Nicotine is mainly metabolized in liver. Its abuse elicits acute phase response by activating macrophages to produce pro-inflammatory cytokines, which play critical role in apoptosis or cell proliferation. The protective pharmacological mechanism of curcumin against nicotine-induced toxicity on protein malnourished liver is still remaining unclear. This study investigated the ameliorative mechanism of curcumin against nicotine-induced toxicity and also fate of liver particularly under protein restricted condition. Female Albino-rats maintained under normal/protein-restricted diets, were subcutaneously injected with nicotine tartrate (2.5 mg/kg body weight/day) and orally supplemented with curcumin (80 mg/kg body weight/day) for 21 days. The animals were then sacrificed to dissect out liver and proceed with further experiments. Interactions of nicotine with DNA both in vivo and in vitro were observed by thermal denaturation and DNA laddering assays. Effects of nicotine on hepatic cells were monitored by differential staining, comet assay, cytokine profiling, mRNA and protein expression. Nicotine caused more intense DNA damage, promoted hepatic cell death through up-regulating pro-apoptotic proteins and signaling molecules in protein malnourished individuals. Through up-regulation of anti-apoptotic proteins and proliferation promoting molecules, nicotine dysregulated homeostasis in normal protein condition. Curcumin significantly ameliorated the nicotine-induced toxicity in both conditions and regulated the imbalance between cell survival and death induced by nicotine. The protein content present in the nicotine induced hepatic cell decides either cell-survival pathway or cytotoxic pathway. PMID:22381069

  16. A Self-Efficacy Scale for Chemical Dependency in Adolescence.

    ERIC Educational Resources Information Center

    St. Mary, Sharon; Russo, Thomas J.

    This study was conducted to develop a scale that assesses perceptions of self-efficacy in potentially stressful situations for chemically dependent adolescents. Adolescent subjects (N=100) currently receiving treatment for chemical dependency were given a 20-situation questionnaire, the Adolescent Self-Efficacy Scale (ASES). Students were…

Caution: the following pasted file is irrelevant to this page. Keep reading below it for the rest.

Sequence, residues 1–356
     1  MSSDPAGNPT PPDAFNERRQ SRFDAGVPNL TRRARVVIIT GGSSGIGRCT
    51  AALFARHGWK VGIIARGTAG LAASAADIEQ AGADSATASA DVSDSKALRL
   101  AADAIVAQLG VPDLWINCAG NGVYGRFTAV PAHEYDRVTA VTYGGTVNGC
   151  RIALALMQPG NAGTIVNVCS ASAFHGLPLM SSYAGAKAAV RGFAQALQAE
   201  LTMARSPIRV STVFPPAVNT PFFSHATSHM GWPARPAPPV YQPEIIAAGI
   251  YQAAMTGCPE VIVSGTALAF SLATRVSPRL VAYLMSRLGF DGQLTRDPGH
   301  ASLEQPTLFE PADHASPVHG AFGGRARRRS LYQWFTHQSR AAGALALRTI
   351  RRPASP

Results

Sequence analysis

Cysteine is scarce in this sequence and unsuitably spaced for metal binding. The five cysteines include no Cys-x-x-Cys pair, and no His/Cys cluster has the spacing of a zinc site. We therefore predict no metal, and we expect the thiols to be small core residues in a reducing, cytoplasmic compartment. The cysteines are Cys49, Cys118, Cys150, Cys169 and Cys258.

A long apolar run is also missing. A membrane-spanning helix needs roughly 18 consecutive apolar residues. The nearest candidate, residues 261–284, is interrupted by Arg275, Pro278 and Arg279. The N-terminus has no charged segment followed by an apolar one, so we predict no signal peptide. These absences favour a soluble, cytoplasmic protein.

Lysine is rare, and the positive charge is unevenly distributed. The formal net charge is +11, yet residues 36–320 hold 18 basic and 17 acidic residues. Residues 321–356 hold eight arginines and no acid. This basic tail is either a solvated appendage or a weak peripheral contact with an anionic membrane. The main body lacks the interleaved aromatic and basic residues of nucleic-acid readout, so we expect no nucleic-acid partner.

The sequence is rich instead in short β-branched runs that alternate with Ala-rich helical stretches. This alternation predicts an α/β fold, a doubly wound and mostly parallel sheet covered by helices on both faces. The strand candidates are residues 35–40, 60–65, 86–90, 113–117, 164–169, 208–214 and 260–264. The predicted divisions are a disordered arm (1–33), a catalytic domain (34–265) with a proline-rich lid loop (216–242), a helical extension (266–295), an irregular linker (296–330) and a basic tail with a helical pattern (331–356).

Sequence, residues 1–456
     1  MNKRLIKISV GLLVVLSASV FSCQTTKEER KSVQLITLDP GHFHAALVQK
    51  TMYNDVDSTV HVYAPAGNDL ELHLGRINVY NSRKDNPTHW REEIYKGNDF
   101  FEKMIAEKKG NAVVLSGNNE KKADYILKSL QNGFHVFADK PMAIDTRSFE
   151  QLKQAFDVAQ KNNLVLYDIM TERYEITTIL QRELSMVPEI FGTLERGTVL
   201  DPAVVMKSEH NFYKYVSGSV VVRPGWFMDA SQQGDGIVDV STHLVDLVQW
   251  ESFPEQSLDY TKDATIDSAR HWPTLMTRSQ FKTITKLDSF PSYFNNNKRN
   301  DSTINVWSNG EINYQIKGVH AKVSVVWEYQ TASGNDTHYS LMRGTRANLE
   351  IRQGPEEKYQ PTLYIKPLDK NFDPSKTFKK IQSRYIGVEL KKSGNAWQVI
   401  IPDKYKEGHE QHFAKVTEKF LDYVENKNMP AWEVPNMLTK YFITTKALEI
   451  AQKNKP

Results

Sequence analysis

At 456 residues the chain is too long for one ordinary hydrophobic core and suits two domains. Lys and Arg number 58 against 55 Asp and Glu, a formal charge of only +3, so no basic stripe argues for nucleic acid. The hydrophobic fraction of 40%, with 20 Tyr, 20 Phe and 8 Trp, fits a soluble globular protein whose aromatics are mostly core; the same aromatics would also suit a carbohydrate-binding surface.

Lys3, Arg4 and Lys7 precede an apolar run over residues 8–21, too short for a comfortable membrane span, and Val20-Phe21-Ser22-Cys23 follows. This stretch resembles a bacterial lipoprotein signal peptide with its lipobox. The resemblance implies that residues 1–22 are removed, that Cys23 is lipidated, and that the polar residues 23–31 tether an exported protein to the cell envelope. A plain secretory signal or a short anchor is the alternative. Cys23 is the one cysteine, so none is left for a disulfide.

17. The Role of Constraint in the Development of Nicotine, Marijuana, and Alcohol Dependence in Young Adulthood

    PubMed Central

    Vrieze, Scott I.; Vaidyanathan, Uma; Hicks, Brian M.; Iacono, William G.; McGue, Matt

    2014-01-01

    The personality-related construct of behavioral disinhibition is hypothesized to confer a generalized risk for alcohol and drug dependence. On average, rates of substance use and scores on measures of disinhibition peak in adolescence and decline as people mature into adulthood. The present study investigated this developmental change by evaluating the relationship between disinhibition and substance use disorders using a longitudinal study of 2,608 twins assessed at ages 17, 24, and 29. These ages include the period of highest risk for substance use disorders (ages 17-24) as well as when substance dependence symptoms typically decline (ages 24-29). Disinhibition was measured with the Multidimensional Personality Questionnaire higher-order scale of Constraint, as well as its constituent facet scales of Harm Avoidance, Control, and Traditionalism. Constraint’s relationship with substance dependence was statistically significant but small and largely genetic, with the genetic relationship declining from adolescence into adulthood. However, this result appeared to be almost entirely driven by Traditionalism, a propensity to hold traditional moral and social values, and not an obvious component of behavioral disinhibition. The results suggest that personality measures of Control and Harm Avoidance play only a small role in the development of substance dependence during late adolescence, and previous findings linking personality measures of disinhibition and substance use may be driven significantly by social and moral values than deficits in impulse control. PMID:24343204

  18. Nicotine induced pro-oxidant and antioxidant imbalance in rat lymphocytes: in vivo dose and time dependent approaches.

    PubMed

    Das, Subhasis; Chakraborty, Subhankari Prasad; Roy, Soumyabrata; Roy, Somenath

    2012-11-01